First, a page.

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UKHSA issues health travel warning after cases of salmonella are linked to travel to Turkey





Holidaymakers have been issued with a warning after an unusually high number of travellers have fallen ill with food poisoning.

The UK Health Security Agency says it has tracked close to 250 recent cases of sickness – many of which have connections to travel to Turkey.

Food poisoning can prove dangerous to the very young, elderly and those with weakened immune systems. Image: Stock photo.
Food poisoning can prove dangerous to the very young, elderly and those with weakened immune systems. Image: Stock photo.

With millions of people going abroad during the school holidays, UK health officials have now issued a warning to travellers – reminding them of the steps they can take to reduce the risk of contracting such infections.

Suspected salmonella cases

The UKHSA says it has identified ‘a number of clusters’ of food poisoning, many of which have links to recent holidays in Turkey.

Between January and July 19 – 241 instances have so far been confirmed to be salmonella – with the majority of tests and swabs taken from April onwards.

The organisation reports: “The UKHSA has detected a number of clusters of gastrointestinal illness in travellers returning from Turkey, the majority of these with travel to the Antalya region.

“Of the 93 cases for which detailed, confirmed travel information is available, these cases report staying in a number of different hotels in Turkey and most cases report eating a wide variety of different foods within their hotel resort as part of an all-inclusive holiday package.”

The UKHSA says clusters of salmonella poisoning have been linked with travel to Turkey. Image: iStock.
The UKHSA says clusters of salmonella poisoning have been linked with travel to Turkey. Image: iStock.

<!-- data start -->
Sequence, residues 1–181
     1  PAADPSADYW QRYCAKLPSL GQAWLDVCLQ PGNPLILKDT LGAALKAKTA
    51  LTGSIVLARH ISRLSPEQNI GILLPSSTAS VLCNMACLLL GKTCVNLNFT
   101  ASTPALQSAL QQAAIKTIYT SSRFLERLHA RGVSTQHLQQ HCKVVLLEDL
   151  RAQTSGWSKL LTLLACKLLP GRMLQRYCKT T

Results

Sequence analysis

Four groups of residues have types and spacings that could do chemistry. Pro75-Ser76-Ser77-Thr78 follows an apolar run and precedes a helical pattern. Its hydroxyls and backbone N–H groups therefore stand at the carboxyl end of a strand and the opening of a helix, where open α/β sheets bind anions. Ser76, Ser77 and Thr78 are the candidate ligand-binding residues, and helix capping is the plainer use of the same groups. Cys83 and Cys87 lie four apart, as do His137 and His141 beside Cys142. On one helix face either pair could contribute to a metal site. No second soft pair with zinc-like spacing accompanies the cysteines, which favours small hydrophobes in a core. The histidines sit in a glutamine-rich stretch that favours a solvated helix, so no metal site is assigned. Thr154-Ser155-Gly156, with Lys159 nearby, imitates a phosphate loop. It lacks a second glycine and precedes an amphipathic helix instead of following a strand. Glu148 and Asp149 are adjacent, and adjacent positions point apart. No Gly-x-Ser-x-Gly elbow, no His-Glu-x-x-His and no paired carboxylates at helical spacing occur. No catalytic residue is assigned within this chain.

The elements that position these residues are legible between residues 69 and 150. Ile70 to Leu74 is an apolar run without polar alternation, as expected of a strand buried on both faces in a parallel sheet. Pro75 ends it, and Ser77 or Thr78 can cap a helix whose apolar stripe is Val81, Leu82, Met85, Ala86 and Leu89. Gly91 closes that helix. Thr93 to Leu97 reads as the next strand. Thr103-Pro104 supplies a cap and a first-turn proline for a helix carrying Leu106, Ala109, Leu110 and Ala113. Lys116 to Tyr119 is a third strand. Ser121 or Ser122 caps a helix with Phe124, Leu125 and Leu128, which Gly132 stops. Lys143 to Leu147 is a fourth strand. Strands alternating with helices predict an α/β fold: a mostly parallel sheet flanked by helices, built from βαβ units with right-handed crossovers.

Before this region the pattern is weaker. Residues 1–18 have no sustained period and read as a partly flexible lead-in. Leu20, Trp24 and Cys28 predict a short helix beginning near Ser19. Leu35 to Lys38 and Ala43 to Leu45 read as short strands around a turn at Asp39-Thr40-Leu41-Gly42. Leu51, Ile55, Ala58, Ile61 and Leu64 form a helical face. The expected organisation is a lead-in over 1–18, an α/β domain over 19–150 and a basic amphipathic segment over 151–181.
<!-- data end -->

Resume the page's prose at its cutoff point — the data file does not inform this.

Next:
What is salmonella?

Salmonella is a bacteria that can cause food poisoning.

Eating something contaminated with the germ can happen if food hasn’t been cooked properly, has been left out for too long, was stored incorrectly or is eaten after its ‘use by’ date.

Symptoms of an infection can include sickness, an upset stomach, stomach cramps, a high temperature and a general feeling of being unwell. Sickness normally starts within hours or a day or two of ingesting the bacteria.

While most people recover on their own within a week, such infections can pose an increased risk to those that are vulnerable – such as the elderly, babies and children and those with other underlying medical conditions that affect their immune system.

Holidaymakers have been issued with a warning by the UKHSA
Holidaymakers have been issued with a warning by the UKHSA

What’s the UK government’s advice?

The source of the illness has not yet been identified, says the government, and investigations by the UKHSA are ongoing.

It is liaising with ABTA, Turkish public health authorities and other international public health partners to share information into the clusters it knows about, it says.

However with the summer holidays in full swing officials want to remind people of the simple steps they can take to reduce any risk of contracting food poisoning while they are travelling abroad in the coming weeks.

First and foremost – says the advice – hands should be washed thoroughly and regularly especially after using the toilet and before touching or eating any food.

When choosing what to eat when on holiday – recently prepared, thoroughly cooked food served piping hot, fruit that can be peeled by the traveller such as bananas or oranges and pasteurised dairy produce such as yoghurts, milk and cheese are all ‘good options’ adds the UKHSA.

Any perishable foods should also be kept cool in a fridge or freezer where possible prior to being eaten.

Holidaymakers can take ‘simple’ precautions say health officials
Holidaymakers can take ‘simple’ precautions say health officials

What should you do if you feel unwell?

Advice related to the outbreak, says the government, is available through the TravelHealthPro website which is dedicated to sharing official information for UK travellers.

Most cases of food poisoning will resolve themselves within a week, says the NHS, without the need for medical treatment. But those who are unwell should take regular fluids to avoid dehydration.

People sick with any gastrointestinal illness should also avoid preparing food or drinks for others until they are free of their own symptoms.



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